How would you like to comfortably engage in a conversation with an existing or prospective client and end up with a very profitable engagement without selling a thing? Seem like an unrealistic dream? Not only is it possible, but when you totally, completely drop the idea of selling, it can actually become quite easy.

The very word “sales” conjures up a cluster of unpleasant feelings, doesn’t it? To many accountants, selling means engaging in unprofessional behavior, perhaps being manipulative, or trying to convince or impress people so they’ll work with us. It’s no wonder accountants don’t like selling. You probably didn’t go into accounting because you loved sales, did you? This is why I say to you, my dear colleagues, never, ever, sell again!

Now, for a simple reality check, we do need to bring in business. The question is, how do we do that without selling? We start by completely, irrevocably, giving up any negative ideas and beliefs about what we think selling means. Whatever you might believe about selling represents only one point of view about it. Let go of the idea that you need to convince or impress people. All that does is demean your professionalism. Dropping our old ideas about selling frees us to choose a completely different view on how to win business.

We could choose to view a meeting with a prospective client as an opportunity to serve. Doing so requires that we let go of wanting to close the sale. While this may seem counter-intuitive, it’s actually quite effective. When we engage in a conversation with an intention to serve, rather than to sell, we’re building trust and rapport, and the person we’re meeting with feels that. Having an open, structured conversation with a client about their needs, and exploring ways we might help them, more often than not leads to a new engagement. It’s a much more comfortable process for you and the client, and is quite effective for winning business.

Here’s a simple, three-step process to engage in a very productive conversation with a prospective client:

  1. Ask questions to discover about their business, what they’re hoping to accomplish, and the issues or challenges they might be facing. This is how you start a meeting. Not by talking about your firm or your great accomplishments, but by learning about them. Once you find out what they need, if there’s a way you can help them, it will come to the surface.
  1. If you believe you can help them, explain what you would do and the impact you believe it would have. Rather than providing a laundry list of your firm services, you can describe your firm’s strengths, services and benefits in a way that is directly relevant to their needs. You can do this because you’ve taken the time to discover what’s important to them at the outset. Think about how good that feels to the client!
  1. Only if there is mutuality do you proceed to discuss engagement details, including the fee. Mutuality simply means that they see the value of what you can bring and want to engage, and you feel you can help them and you want them as a client. If either party says no, there’s no engagement. It’s the willingness to allow mutuality to drive the outcome, rather than the desire to control the client, that makes this process so powerful.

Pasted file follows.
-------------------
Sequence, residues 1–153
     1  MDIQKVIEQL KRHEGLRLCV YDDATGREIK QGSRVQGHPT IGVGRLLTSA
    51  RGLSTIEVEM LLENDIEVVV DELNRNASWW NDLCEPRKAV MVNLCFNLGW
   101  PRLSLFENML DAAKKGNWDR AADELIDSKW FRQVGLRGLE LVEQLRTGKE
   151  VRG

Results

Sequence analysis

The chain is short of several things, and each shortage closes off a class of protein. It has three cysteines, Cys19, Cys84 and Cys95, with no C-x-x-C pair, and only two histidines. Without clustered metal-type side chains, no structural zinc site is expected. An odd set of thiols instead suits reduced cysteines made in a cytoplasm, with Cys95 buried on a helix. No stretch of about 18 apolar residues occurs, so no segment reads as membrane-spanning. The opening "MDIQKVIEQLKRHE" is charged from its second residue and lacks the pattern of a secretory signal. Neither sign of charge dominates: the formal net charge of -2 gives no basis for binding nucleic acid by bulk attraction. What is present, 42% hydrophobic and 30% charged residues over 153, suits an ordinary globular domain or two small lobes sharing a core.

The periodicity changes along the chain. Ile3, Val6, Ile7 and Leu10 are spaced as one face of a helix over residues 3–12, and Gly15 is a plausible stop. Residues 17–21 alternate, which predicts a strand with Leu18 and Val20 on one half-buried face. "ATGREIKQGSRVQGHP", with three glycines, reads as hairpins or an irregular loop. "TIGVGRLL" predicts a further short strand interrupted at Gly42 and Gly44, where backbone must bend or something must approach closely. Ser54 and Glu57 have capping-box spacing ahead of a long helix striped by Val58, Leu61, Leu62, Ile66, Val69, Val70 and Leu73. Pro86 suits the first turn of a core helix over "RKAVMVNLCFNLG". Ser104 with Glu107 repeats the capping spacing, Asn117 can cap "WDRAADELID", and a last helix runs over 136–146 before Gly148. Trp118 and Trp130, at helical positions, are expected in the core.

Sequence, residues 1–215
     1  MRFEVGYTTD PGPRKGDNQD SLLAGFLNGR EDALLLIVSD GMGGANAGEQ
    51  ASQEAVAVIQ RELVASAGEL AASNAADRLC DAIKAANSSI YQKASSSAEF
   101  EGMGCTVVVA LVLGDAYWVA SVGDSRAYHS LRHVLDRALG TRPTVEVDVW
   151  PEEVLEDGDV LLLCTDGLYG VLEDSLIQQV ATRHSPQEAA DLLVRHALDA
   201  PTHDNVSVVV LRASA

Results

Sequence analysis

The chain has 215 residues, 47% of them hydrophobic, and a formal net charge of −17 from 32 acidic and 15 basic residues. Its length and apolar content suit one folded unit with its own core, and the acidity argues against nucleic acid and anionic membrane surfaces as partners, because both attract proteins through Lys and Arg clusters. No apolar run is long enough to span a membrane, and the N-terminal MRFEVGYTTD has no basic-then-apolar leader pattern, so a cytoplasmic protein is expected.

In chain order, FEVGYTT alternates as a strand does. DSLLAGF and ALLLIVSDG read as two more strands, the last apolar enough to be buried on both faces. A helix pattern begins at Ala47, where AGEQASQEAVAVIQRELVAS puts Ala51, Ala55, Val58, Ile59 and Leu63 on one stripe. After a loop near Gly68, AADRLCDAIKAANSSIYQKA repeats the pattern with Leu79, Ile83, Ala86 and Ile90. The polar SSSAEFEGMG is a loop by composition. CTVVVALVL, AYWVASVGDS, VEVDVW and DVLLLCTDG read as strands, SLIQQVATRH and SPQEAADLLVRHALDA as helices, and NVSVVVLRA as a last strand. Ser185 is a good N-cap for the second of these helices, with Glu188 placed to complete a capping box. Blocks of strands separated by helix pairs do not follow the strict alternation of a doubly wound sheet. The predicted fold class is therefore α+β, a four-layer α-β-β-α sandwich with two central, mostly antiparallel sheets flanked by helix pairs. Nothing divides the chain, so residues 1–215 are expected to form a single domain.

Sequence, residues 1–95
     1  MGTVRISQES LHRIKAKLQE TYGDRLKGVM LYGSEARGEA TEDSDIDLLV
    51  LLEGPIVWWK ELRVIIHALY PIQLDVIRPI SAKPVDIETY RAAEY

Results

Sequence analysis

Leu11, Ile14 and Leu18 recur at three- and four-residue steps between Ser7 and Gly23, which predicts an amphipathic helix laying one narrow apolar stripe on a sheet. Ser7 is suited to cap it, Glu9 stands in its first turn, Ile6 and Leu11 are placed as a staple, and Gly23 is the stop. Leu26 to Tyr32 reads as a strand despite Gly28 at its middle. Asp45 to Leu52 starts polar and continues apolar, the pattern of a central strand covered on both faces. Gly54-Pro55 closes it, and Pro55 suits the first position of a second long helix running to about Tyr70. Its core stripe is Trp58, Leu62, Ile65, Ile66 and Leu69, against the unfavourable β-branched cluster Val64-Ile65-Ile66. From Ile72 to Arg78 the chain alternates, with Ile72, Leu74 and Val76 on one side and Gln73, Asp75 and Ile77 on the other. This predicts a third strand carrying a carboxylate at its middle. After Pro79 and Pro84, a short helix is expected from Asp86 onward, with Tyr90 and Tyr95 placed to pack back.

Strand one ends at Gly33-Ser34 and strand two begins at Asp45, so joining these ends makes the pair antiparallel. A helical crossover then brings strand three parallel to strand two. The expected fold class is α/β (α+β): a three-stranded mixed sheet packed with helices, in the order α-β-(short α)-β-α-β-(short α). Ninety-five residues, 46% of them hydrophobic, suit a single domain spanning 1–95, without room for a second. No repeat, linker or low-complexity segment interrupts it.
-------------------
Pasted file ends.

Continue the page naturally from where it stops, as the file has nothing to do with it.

It’s important to make a short, simple opening statement at the beginning of the meeting to let them know exactly how the meeting will run. Let them know that you’re going to have a discussion to explore whether or not what your firm beings would be of value to them in their business. To do that, you’ll begin by asking some questions to discover their goals and issues. Then if you think you can help them, you’ll discuss some possible solutions. Then, if it makes sense to them, and it makes sense to you, you’ll discuss engagement details such as fee and so on. If either party doesn’t feel there’s a good fit, we can end the meeting.

With this approach there’s no sales pressure on you or the client. It’s just an open, comfortable conversation. I’ve taught this process to thousands of accountants around the world, and it works amazingly well. The reason it works so well, is because we are shifting our inner stance from wanting to control the other person, to wanting to serve the other person. People feel this shift and respond accordingly. Try it. I guarantee you’ll love it, and so will the people you meet with!

Never believe in anything that limits you!

About the Author

RickSolomonCPA scaledRick Solomon, CPA has been a practice growth and profitability consultant for two decades. Rick has created and facilitates the two-day Accountants Reboot where professionals learn how to peel away those self-limiting views that are unnecessary obstacles to the practice or career of their dreams!


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